Three Men and a Goddess: Once Hollywood’s most irresistible woman—wed to Mickey Rooney, Artie Shaw, and Frank Sinatra—by 1988 Ava Gardner was nearly broke, ravaged by illness, and intent on selling her memoirs. But the man she chose as her ghostwriter, Peter Evans, had his own problems, not least a legal war with Sinatra.
“Is that why you want to write a book?,” I asked warily. “You want to put the record straight?”
“I’m broke, honey. I either write the book or sell the jewels.” I was surprised at the frankness with which she admitted it. “And I’m kinda sentimental about the jewels,” she added.
The stroke she’d had a year and a half earlier had partially paralyzed her left side and frozen half her face in a rictus of sadness. It would have been a hard blow to bear for any woman, but for an actress who had once been hailed as “the world’s most beautiful animal,” it was a tragedy.
“Going to the fights every Friday night in L.A., that was an education. We’d go along with George Raft and Betty Grable. Mickey always insisted on sitting ringside. Those little bantamweights were the worst—they’d nearly kill each other to entertain us. That fact bothered me more than any of the rest of it—the things people would do to please you if you were famous enough, and there was nobody more famous than George Raft, Betty G., and Mickey in those days. You have to remember Mickey was bigger than Gable in those days. At least, his pictures took more money than Gable’s, although they each earned the same five grand a week when $5,000 was real money.
“I remember asking him one evening, shortly after we were married, what he thought of me that first time we met. We had a kind of truth game we used to play in bed. We’d spend a lot of time in the sack in the early days, a lot of time: talking, laughing, making love. I must have seemed so fucking awkward, so fucking gauche. Anyway, I asked him what went through his mind when he saw me on the set that day.
“I still didn’t know that he was the biggest wolf on the lot. He was catnip to the ladies. He knew it, too. The little sod was not above admiring himself in the mirror. All five foot two of him! He probably banged most of the starlets who appeared in his Andy Hardy films—Lana Turner among them. She called him Andy Hard-on. Can we say that—Andy Hard-on?” “I don’t see why not,” I said. “It’s a funny line.” “No wonder, when I think of that marriage now, I think of nightclubs: the Palladium, Ciro’s, the Cocoanut Grove, where we danced to Tommy Dorsey’s band. Guys didn’t trouble me much—most of them knew I was Mickey’s wife—but that’s where I learned to drink, I mean to drink seriously. All the clubs were hot on under-age drinking, but Mick would slip me dry martinis in coffee cups. Sipping a dry martini out of a coffee cup seemed as glamorous as hell to me.”
"[Artie Shaw] He’d just come out of the navy when he met Lana. He was deaf in his left ear from when he was bombed at Guadalcanal. Lana was 18. The classic MGM starlet. Artie had an I.Q. of—I don’t know what it was. It was right up there. The intellect isn’t connected to the pelvis, he told me once when I asked what had attracted him to her. [Gardner’s chronology is wrong. Shaw married Turner in February 1940, when she was 19. They divorced seven months later, and he enlisted in the navy in 1942.]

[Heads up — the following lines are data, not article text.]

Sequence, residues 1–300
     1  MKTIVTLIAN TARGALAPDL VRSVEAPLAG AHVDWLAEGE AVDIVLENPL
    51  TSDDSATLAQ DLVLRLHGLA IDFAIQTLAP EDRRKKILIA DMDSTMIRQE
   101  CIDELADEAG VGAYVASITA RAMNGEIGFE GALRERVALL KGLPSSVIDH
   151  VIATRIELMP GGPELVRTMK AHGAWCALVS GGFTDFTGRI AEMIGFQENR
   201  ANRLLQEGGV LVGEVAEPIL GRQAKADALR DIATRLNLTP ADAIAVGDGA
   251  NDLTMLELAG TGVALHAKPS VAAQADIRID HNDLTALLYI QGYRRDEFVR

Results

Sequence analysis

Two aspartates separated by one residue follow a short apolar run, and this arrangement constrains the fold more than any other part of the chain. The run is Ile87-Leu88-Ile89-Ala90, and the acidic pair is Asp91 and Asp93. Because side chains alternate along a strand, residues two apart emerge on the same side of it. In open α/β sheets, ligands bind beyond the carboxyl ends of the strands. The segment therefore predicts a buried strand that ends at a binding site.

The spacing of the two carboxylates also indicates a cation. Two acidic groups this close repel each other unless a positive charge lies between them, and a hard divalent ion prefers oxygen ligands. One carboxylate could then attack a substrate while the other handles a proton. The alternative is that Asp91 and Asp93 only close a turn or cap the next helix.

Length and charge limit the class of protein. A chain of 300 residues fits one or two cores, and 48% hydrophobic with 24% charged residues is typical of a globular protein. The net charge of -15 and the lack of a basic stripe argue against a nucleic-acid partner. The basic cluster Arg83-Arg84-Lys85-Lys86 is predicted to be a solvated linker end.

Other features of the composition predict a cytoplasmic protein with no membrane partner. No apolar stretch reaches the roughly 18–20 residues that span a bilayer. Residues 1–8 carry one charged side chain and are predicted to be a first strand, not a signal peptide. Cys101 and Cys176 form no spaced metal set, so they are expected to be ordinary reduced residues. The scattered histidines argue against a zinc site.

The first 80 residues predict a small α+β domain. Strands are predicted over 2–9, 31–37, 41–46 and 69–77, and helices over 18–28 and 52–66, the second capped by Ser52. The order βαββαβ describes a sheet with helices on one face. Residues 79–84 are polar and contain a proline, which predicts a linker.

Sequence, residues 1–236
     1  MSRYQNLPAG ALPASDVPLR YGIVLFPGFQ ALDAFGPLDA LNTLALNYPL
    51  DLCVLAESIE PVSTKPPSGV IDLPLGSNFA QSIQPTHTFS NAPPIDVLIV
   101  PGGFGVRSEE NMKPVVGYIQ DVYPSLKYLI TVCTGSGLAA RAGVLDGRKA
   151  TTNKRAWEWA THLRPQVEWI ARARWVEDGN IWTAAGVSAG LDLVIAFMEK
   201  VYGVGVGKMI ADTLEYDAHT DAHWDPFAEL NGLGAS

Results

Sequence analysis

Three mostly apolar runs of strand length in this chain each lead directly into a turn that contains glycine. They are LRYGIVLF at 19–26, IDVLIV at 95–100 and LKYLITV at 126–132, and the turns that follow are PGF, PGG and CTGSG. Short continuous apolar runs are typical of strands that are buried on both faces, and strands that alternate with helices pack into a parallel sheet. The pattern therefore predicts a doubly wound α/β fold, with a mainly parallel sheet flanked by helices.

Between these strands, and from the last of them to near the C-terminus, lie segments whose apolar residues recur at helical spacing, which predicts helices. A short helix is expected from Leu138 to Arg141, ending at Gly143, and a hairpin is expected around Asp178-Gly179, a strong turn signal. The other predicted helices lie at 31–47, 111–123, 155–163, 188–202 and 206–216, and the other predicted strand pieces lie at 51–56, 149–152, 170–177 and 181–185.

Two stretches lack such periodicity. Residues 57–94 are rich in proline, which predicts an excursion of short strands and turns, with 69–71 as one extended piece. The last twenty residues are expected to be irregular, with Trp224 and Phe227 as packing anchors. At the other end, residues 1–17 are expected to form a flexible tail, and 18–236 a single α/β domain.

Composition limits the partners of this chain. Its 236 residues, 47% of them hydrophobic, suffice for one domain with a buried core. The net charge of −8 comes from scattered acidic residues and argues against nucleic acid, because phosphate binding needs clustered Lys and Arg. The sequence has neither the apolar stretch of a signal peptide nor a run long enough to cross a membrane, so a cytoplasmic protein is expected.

“Artie was another kind of bully. I was afraid of his mind. He was a dominating son of a bitch. He used to put me down so much I lost complete confidence in myself. When I went into analysis—that was something else he made me do—I insisted on taking an I.Q. test, because I was at the point where I thought there was something seriously wrong with my mind. Well, it turned out very well indeed. I didn’t have an enormous I.Q., but I did have rather a high one. “I don’t think in my heart I genuinely wanted a baby at all. I just thought, I’m going back to school, I’m getting an education, I’m being the good wife—to make it perfect I’ll have a child. Maybe I was playing a part, who the hell knows?”
“I fell for the oldest con in the world. Frank said it didn’t matter a damn if I’d slept with Mario or not, it was in the past. He just wanted me to be honest with him. He said if I told him the truth, it would all be forgotten. So I told him the truth, and, of course, it was never forgotten. He brought it up every goddamn argument we had. He never forgave me.” “But he still married you,” I said.
“November 7, 1951. A day that will live in infamy. Only days after his divorce from Nancy became final. It was too soon, but that was Frank all over,” she said. “Plenty of people told me I was mad to marry him. Lana Turner had had an affair with him after she divorced Artie. ‘I’ve been there, honey,’ she told me. ‘Don’t do it!’
“The trouble was Frank and I were too much alike. Bappie said I was Frank in drag. There was a lot of truth in that. He was the only husband I had that Bappie didn’t approve of straight off the bat. I’m not saying she disliked him. On the contrary, she thought he was great—but not for me. I should have listened to her.” “Why didn’t you?,” I said. “He was good in the feathers. You don’t pay much attention to what other people tell you when a guy’s good in the feathers,” she said.
The film’s strengths are its cinematography by Elwood Bredell, which is wonderfully stark, as well as Ava Gardner’s sexy performance as Kitty Collins, the woman the Swede falls for and who eventually leads him to his downfall. Her allure and sultriness make for a one of a kind femme fatale, and it is easy to see how she can manipulate the Swede or anyone else she wants. It is a shame she does not have a bigger role in the film. Source: sbccfilmreviews.org
Ava Gardner was loaned to Universal by MGM in late February 1947 for "Singapore", which reminisced of Casablanca's story. Fred MacMurray, whom French filmmaker Jean-Pierre Melville had called "the inventor of underplaying", got along well with Ava who thought he was great.